When was the last time you felt elated about using Microsoft Word, or Microsoft Outlook, or any of the products in the Microsoft Office Space? Never.
Cue classic Office Space printer demolition scene
All of these products were built with an utter disregard to the user experience, much like printers, much like phones in the pre-iPhone era. All of these products have widespread usage within the enterprise but much like the DMV, don’t seem to give a crap about their users’ experience. But that was before the iPhone. The iPhone taught us was that if we build an exceptional product for users, the enterprise is within reach. Focus on the user and the rest will follow.
- Both Slack and Quip are meant to operate in a Post-PC world.
- Both Slack and Quip are mobile-first, making their usage on iPhones and iPads as efficient as using them on the desktop.
- Both Slack and Quip will eventually take on Microsoft Office if they execute well – Quip, by recreating the killer apps (Word and now spreadsheet) as well as the newsfeed (collaboration) while Slack started with messaging and is now moving to own killer apps like document editing and in the future “calendars and task management.”
Jessica Lessin at The Information, seems to think that Slack and messaging apps’ hype is overrated. But I think she’s missing the bigger picture that Slack and Quip are both not just about messaging.
Be leery of products that tout their better messaging experiences. As Arjun Sethi, co-founder of MessageMe who just joined Yahoo told me: “Messaging is secondary. The primary use case cannot be messaging.”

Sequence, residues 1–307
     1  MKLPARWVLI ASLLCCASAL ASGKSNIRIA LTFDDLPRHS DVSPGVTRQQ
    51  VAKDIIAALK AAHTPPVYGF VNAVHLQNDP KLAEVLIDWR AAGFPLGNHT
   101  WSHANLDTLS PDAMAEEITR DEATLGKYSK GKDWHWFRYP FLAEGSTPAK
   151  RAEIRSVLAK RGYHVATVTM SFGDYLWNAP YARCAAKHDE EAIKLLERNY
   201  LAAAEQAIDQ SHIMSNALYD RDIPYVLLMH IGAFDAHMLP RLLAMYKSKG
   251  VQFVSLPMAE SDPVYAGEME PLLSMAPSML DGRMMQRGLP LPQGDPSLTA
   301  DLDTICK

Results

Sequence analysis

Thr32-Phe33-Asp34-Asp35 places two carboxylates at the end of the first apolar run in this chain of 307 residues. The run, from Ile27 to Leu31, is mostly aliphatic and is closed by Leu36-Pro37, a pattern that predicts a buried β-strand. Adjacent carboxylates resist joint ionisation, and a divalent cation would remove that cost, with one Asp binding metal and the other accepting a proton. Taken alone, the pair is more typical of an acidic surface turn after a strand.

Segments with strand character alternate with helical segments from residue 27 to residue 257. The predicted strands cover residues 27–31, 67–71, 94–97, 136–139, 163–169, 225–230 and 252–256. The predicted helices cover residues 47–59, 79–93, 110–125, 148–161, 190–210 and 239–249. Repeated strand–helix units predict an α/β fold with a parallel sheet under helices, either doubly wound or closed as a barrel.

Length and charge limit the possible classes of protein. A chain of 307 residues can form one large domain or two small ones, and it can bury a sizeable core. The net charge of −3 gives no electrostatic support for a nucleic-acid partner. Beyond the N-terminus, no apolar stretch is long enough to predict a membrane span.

Agreed. But I think in both cases, Slack and Quip, it’d be inaccurate to think their ambitions are relegated to messaging. Office made Bill Gates the richest man on the planet because of the platform they created.
A platform whose crown jewels thus far remain:
- Killer apps
- Documents and spreadsheets (Word and Excel)
- Presentation (Powerpoint)
- the dots that connect them
- Email / collaboration (Outlook and OneNote)
That is all there is to this cash cow, the killer apps and the dots that connect them. For Facebook it’s photos and the feed; for LinkedIn, it’s jobs and their enterprise product; and for Apple it’s the Camera and the Phone.
Interesting to see that all of Microsoft’s office products hinged on the ability for people within an organization to collaborate and I believe this fundamental secret sauce is under attack with products like Quip, Slack and Evernote.
Both Slack and Quip, aim to recreate that dynamic from the ground up in a mobile future that Microsoft frankly does not own nor lead anymore. Quip has created the post-PC version of killer apps that drives work. I wouldn’t be surprised if they built the rest of the killer apps mentioned above (they just launched spreadsheets as a premium feature), should they find a demand for it. And once they create the suite, the superior product experience will drive large teams and enterprises to ask for “Quip Inside” to their IT teams, the same way we bugged our IT teams about switching us from Blackberries to iPhones. And we saw how that played out.
What do you think is Slack and Quip’s potential? Are they overhyped?
Postscript: There are others who are also jostling within this space, like Asana (which aims at collaboration from to-dos) and Evernote (which aims at it from note taking), and as someone who has tried the product I find Quip extremely addictive for an Enterprise product and I’ve heard the same about Slack from startups and friends who have been using them. Box and Dropbox are two other pieces to this puzzle from a server side, with Box playing the LinkedIn to Dropbox’s Facebook.
But make no mistake, what we are seeing right now is the Unbundling of Microsoft.